The idea of “Efficiency First” is on the line in ongoing EU talks. Member states must realise that this is no mere slogan but a real necessity, write Jan Rosenow, Richard Cowart and Edith Bayer.
Jan Rosenow, Richard Cowart and Edith Bayer are energy efficiency experts with the Regulatory Assistance Project (RAP).
According to a leaked document from the Council of the European Union, some members of the Council are resisting the decisions of the Commission and Parliament to include an “Efficiency First” principle as a pillar of the Clean Energy for All Europeans package, in the mistaken belief that the principle is a mere “slogan,” or, if it’s not just a slogan, that it would require member states to take actions that are not cost-effective.
We assure Council members that Efficiency First is not only a stated goal of the Energy Union, it is a proven solution and a necessary discipline.
Efficiency First is a powerful approach to energy policy that can save families and businesses billions of euros in energy costs annually, improve energy security, and accelerate progress toward Europe’s goals for carbon reduction and a clean energy economy.
What exactly is Efficiency First?
Efficiency First means developing the discipline to evaluate policy proposals and investment decisions against a simple background:
Could we deliver to consumers equivalent energy benefits and reliability, at lower cost and lower environmental impact, by helping them save energy instead of simply paying more to use more?
Efficiency First does not elevate energy savings above all other energy investments. But it does require considering efficiency first—explicitly, before committing to investments in costly fuels and supply-side infrastructure—and then prioritising efficiency when the hard look at options reveals that customer-side resources are a better value.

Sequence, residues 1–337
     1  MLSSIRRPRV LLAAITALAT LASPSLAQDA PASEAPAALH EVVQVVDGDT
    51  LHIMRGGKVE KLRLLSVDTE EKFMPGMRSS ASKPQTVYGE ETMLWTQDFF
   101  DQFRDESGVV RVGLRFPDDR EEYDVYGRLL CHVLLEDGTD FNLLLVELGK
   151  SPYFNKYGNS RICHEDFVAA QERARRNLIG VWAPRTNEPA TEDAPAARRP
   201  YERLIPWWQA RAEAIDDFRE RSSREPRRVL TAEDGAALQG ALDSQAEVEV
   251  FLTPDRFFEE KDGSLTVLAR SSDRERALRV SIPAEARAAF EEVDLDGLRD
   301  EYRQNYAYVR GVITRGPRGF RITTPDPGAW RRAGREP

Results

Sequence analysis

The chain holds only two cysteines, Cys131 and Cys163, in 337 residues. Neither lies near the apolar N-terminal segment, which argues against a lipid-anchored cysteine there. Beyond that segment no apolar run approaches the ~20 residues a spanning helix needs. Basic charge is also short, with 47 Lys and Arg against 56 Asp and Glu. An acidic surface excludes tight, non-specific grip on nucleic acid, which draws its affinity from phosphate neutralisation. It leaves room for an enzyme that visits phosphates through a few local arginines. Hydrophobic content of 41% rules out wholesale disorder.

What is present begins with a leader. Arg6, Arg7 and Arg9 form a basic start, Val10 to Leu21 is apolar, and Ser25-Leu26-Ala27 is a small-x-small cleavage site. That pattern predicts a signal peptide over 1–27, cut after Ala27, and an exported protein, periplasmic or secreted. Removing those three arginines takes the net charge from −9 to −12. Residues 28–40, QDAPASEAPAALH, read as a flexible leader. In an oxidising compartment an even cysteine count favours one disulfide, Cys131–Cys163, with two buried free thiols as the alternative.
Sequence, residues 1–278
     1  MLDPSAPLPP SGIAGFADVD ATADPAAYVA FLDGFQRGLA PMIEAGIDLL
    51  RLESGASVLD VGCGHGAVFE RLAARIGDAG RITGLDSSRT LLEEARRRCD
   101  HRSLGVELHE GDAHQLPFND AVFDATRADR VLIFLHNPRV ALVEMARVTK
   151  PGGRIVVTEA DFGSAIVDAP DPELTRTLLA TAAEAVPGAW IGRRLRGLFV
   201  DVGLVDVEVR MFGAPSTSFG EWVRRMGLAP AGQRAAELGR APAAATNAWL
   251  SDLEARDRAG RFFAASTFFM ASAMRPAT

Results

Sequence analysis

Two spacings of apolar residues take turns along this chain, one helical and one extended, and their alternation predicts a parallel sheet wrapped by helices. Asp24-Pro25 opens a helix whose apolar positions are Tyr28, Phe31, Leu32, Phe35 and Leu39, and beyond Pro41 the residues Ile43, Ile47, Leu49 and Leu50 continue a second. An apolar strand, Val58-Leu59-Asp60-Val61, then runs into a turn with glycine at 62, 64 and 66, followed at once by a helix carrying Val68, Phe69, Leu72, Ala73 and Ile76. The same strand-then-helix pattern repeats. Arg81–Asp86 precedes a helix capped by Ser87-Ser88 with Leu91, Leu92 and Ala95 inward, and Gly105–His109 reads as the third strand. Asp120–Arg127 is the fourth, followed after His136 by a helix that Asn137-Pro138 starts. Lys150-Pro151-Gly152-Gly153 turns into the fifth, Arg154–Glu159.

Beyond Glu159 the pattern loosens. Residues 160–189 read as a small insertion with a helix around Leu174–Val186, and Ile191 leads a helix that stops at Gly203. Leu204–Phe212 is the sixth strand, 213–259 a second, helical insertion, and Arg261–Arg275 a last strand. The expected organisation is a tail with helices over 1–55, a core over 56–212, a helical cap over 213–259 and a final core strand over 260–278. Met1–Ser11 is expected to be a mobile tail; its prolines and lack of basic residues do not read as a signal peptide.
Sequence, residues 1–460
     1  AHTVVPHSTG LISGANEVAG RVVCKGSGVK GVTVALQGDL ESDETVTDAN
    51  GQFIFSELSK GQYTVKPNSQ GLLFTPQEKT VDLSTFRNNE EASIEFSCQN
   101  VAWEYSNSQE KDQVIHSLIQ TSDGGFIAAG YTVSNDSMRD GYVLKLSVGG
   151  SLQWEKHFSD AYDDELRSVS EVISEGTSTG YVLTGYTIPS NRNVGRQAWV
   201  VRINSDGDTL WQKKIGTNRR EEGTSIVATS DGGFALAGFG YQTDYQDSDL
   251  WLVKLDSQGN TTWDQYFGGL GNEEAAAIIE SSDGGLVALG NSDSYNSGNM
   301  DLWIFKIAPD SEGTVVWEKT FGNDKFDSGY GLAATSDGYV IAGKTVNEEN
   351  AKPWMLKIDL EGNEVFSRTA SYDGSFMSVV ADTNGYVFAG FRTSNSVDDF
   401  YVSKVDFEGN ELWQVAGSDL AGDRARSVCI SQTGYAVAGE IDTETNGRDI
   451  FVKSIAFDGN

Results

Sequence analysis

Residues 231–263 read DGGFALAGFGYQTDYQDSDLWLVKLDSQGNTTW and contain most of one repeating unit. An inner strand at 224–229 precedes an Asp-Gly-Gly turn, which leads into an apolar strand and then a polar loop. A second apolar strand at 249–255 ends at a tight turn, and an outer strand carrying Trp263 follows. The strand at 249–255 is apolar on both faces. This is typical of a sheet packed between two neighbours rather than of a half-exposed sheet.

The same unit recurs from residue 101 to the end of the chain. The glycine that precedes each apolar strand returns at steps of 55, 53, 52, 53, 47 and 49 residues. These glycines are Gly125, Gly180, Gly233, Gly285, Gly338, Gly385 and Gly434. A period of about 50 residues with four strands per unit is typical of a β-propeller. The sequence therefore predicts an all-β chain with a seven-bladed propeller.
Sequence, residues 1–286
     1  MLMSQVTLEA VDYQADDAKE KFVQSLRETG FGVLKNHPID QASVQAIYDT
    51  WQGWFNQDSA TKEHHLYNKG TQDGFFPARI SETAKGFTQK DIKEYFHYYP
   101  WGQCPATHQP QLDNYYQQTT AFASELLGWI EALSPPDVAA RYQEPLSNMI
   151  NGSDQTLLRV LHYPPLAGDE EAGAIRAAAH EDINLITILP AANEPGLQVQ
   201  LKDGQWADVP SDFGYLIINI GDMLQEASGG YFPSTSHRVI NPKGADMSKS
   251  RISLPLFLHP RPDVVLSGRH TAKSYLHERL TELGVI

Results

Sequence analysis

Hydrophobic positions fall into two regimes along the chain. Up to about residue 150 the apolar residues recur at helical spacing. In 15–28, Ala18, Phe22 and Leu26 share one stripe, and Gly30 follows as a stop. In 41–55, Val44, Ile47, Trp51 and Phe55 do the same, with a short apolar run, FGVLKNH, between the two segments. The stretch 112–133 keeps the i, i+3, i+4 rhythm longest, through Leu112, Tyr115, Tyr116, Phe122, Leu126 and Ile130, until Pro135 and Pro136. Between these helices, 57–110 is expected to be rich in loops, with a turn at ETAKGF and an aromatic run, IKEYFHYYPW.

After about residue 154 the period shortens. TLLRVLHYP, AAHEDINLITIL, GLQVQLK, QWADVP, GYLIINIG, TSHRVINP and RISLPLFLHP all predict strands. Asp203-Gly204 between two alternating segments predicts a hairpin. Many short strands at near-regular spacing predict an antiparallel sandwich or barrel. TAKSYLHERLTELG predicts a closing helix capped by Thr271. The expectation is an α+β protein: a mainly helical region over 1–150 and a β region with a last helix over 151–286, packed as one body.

It is indispensable in ensuring clean energy for all Europeans. Efficiency harnesses the powerful potential of citizens to contribute to, and benefit from, the clean energy transition. And consumers are demanding to be part of the transition.
At first glance, this is purely common sense. Surely public policy should promote end-use efficiency whenever saving energy or shifting the timing of energy use provides greater value than conventional supply-side options.
Unfortunately, this doesn’t happen automatically. On the demand side, numerous market barriers impede investments in efficient solutions. On the supply side, industry traditions, business models, and regulatory practices have always favoured, and continue to favour, fossil fuel-based energy infrastructure and sales over lower sales and energy-saving technologies.
Energy efficiency is pivotal in achieving the ambitious carbon reduction goals in the Paris Agreement. According to the International Energy Agency (IEA), half of the global emissions reductions in addition to those stated in the Intended Nationally Determined Contributions can be achieved at least cost through energy efficiency measures.
The Intergovernmental Panel on Climate Change (IPCC) and other respected institutions have come to the same conclusion.
In Europe, the IEA estimates that 76% of the additional emissions reductions by 2030 can be achieved most cost-effectively by increasing energy efficiency.